The isolated and remote nature of Mauritius lends itself to a unique and vibrant wildlife, with several species that are endemic to the island, i.e. found nowhere else on the planet. Intriguingly, there are no amphibians on Mauritius, and its native land mammals are restricted to just one species, that can take to the sky: Flying Foxes. However, the many beautiful species of reptiles and birds that live on this exquisite Indian Ocean island more than make up for this, and beneath the waves there is a plethora of varied and fantastical life. Come and discover a country where you can swim with dolphins and see the world’s only Pink Pigeons in the same day.
Beginning with one of the smallest, but nevertheless one of the most striking, inhabitants of the island: the Day-gecko. There are several subspecies of these reptiles, one of the most brightly coloured being Phelsuma guimbeaui, with a dazzling green body with red blotches, and a blue neck and tail-tip. This also happens to be one of the most endangered on the island, due to competition with other species of gecko for both food and space, as well as becoming the prey of introduced species such as rats, mongoose and cats. Phelsuma cepediana, the blue-tailed day-gecko, is much more widespread throughout Mauritius: just look out for a flash of intense greens and blues, again speckled with red spots, in the banana, palm and papaya trees.
Round Island, one of the offshore islets of Mauritius, has also become a haven for many species of reptiles, that escaped extinction due to the protective barrier of the ocean against invading species such as rats. Telfair’s skink, with no apparent neck, Gunther’s gecko, which can grow to a length of 30cm, and the harmless Keel-scaled Boa, which can change its colour over a 24 hour period, are three such species.
Now look up, and search the sky and canopy for the golden fur and broad dark wings of Mauritian Flying Foxes. These can reach a wingspan of 80cm, and are vital in pollinating the plants and dispersing the seeds that make the landscapes of Mauritius so lush and beautiful. However, in recent years there have been battles with owners of fruit orchards, who have encouraged the culling of the valuable and spectacular creatures. Because of this, the flying foxes of Mauritius are sadly now endangered. In contrast, conservation efforts to save the endemic Pink Pigeons of the island have meant that the shocking previous population of 12 in the mid-1980s is now at just under 500.
Macaques are also found on Mauritius, especially within the Black River Gorges National Park, however are not native to the island and were instead introduced by Dutch and Portuguese settlers approximately 400 years ago.
Mauritius enjoys a wealth of variety when it comes to its ocean, enjoying the habitats of tranquil lagoons, colourful coral reefs and the sudden drop-offs into deeper water that welcome its large marine mammals. These large visitors include humpback, sperm and pilot whales. A boat trip to see humpback whales is particularly exciting, owing to their very energetic tail and fin slapping and dramatic breaches. Here they defy gravity by propelling their mighty bodies out of the water, which can be up to 16m long, crashing back down with a tremendous splash.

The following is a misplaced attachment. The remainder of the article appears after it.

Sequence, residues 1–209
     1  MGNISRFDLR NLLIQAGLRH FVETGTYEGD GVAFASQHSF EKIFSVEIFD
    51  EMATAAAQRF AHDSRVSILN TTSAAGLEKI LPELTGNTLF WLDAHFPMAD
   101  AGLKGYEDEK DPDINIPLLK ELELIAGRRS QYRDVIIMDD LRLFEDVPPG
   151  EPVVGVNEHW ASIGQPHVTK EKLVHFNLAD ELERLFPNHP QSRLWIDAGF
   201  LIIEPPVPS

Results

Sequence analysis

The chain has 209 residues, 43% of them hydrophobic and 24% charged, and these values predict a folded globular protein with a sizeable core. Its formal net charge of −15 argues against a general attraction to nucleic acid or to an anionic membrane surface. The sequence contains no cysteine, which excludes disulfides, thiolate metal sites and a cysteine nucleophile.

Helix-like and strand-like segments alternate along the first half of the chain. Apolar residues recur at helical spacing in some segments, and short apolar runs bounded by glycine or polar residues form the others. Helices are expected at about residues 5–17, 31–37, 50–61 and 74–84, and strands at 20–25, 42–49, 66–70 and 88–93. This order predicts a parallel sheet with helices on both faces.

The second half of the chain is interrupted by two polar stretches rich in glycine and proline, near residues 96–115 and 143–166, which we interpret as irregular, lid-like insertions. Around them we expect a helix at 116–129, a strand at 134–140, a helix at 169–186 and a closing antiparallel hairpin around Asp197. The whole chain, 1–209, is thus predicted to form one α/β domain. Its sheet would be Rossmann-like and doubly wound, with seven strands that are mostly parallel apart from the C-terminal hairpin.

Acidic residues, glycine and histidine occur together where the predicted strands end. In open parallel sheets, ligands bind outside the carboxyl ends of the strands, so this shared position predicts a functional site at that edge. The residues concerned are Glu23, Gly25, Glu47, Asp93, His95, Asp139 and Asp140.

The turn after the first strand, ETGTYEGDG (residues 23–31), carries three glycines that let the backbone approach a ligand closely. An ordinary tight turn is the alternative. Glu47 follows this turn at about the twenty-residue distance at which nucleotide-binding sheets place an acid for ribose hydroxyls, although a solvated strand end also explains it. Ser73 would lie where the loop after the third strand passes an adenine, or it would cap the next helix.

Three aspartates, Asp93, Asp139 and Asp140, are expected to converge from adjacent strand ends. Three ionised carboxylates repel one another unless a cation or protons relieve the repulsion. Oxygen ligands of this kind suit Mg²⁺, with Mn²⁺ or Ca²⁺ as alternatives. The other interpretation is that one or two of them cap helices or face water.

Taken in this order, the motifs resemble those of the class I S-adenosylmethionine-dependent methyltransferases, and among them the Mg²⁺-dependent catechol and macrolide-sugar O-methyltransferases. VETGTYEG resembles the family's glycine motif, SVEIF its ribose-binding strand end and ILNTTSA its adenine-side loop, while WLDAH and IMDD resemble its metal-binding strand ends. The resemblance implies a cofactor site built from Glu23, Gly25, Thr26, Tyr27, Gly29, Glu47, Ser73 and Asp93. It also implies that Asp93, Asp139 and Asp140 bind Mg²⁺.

Mauritius’s winter, from July to November, is the time to go if interacting with these animals is a dream for you! Note that the Southwestern waters of the island are the region that these elegant giants favour. Sperm whales, on the other hand, can be observed all throughout the year around Mauritius, almost always in groups of up to 20 individuals! But you don’t have to stay in the boat, you can actually get in the water and snorkel with these incredible creatures. This is the same for all dolphin lovers, where there are many tours offering the chance to swim with the playful and inquisitive Bottlenose and Spinner dolphins, in their natural open-sea environment.
Another creature that delights young and old to see is the sea turtle, and both Hawksbill and Green turtles populate the turquoise waters of Mauritius. Pointe aux Piments in the northwest is known as one of the best places to spot the graceful swimmers, so grab your snorkel and fins and explore the underwater wonderland! Early morning tends to be the time when the conditions are best for seeing the most marine life, as less boat activity means that the fish are not scared away by the sounds. Some of the most wondrous creatures you will see on snorkelling and diving excursions are lionfish, which have bands of red and white and dramatic spiny fins (these are also venomous, so be sure to keep your distance).
Giant Moray eels are another, and can be a mighty length of 3 metres. Intriguingly, these eels are known to recognise divers that visit them frequently, and will initiate contact. Of course, it is strongly recommended for those that are not familiar with the creatures to not try to touch them, as they do have sharp teeth! Honeycomb moray are particularly striking with their spotted markings, and can also reach a length of up to 3 metres. Indeed, these are just two of over a dozen different vibrant types of moray that reside in the island’s waters!
Everywhere you swim you will be treated to a kaleidoscope of parrot fish, surgeonfish, boxfish, butterflyfish and moorish idols amongst many others, so ensure you don’t just explore what’s on the land! For the keen-eyed, look out for tiny colourful nudibranch, a form of sea slug that come in hundreds of luminous shades and psychedelic patterns.